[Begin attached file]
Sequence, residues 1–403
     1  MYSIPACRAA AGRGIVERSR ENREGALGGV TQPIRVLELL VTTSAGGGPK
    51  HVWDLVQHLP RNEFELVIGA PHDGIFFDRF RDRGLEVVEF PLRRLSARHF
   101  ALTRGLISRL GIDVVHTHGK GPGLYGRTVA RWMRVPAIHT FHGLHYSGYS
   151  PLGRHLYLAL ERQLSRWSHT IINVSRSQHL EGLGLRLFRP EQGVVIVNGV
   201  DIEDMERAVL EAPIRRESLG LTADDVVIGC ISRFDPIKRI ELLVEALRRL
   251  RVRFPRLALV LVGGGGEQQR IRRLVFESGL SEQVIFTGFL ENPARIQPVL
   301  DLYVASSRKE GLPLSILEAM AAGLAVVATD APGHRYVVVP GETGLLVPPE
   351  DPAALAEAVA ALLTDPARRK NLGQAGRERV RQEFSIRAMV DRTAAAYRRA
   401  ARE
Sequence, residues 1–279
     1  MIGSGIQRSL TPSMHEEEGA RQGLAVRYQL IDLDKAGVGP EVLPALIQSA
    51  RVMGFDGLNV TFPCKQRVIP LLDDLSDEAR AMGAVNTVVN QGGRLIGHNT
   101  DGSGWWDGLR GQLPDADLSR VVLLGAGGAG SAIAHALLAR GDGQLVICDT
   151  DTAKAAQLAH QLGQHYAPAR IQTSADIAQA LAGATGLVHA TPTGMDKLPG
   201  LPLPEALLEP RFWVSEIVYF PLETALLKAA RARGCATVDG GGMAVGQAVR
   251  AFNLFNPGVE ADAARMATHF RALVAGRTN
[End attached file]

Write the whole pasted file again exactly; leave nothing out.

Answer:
Sequence, residues 1–403
     1  MYSIPACRAA AGRGIVERSR ENREGALGGV TQPIRVLELL VTTSAGGGPK
    51  HVWDLVQHLP RNEFELVIGA PHDGIFFDRF RDRGLEVVEF PLRRLSARHF
   101  ALTRGLISRL GIDVVHTHGK GPGLYGRTVA RWMRVPAIHT FHGLHYSGYS
   151  PLGRHLYLAL ERQLSRWSHT IINVSRSQHL EGLGLRLFRP EQGVVIVNGV
   201  DIEDMERAVL EAPIRRESLG LTADDVVIGC ISRFDPIKRI ELLVEALRRL
   251  RVRFPRLALV LVGGGGEQQR IRRLVFESGL SEQVIFTGFL ENPARIQPVL
   301  DLYVASSRKE GLPLSILEAM AAGLAVVATD APGHRYVVVP GETGLLVPPE
   351  DPAALAEAVA ALLTDPARRK NLGQAGRERV RQEFSIRAMV DRTAAAYRRA
   401  ARE
Sequence, residues 1–279
     1  MIGSGIQRSL TPSMHEEEGA RQGLAVRYQL IDLDKAGVGP EVLPALIQSA
    51  RVMGFDGLNV TFPCKQRVIP LLDDLSDEAR AMGAVNTVVN QGGRLIGHNT
   101  DGSGWWDGLR GQLPDADLSR VVLLGAGGAG SAIAHALLAR GDGQLVICDT
   151  DTAKAAQLAH QLGQHYAPAR IQTSADIAQA LAGATGLVHA TPTGMDKLPG
   201  LPLPEALLEP RFWVSEIVYF PLETALLKAA RARGCATVDG GGMAVGQAVR
   251  AFNLFNPGVE ADAARMATHF RALVAGRTN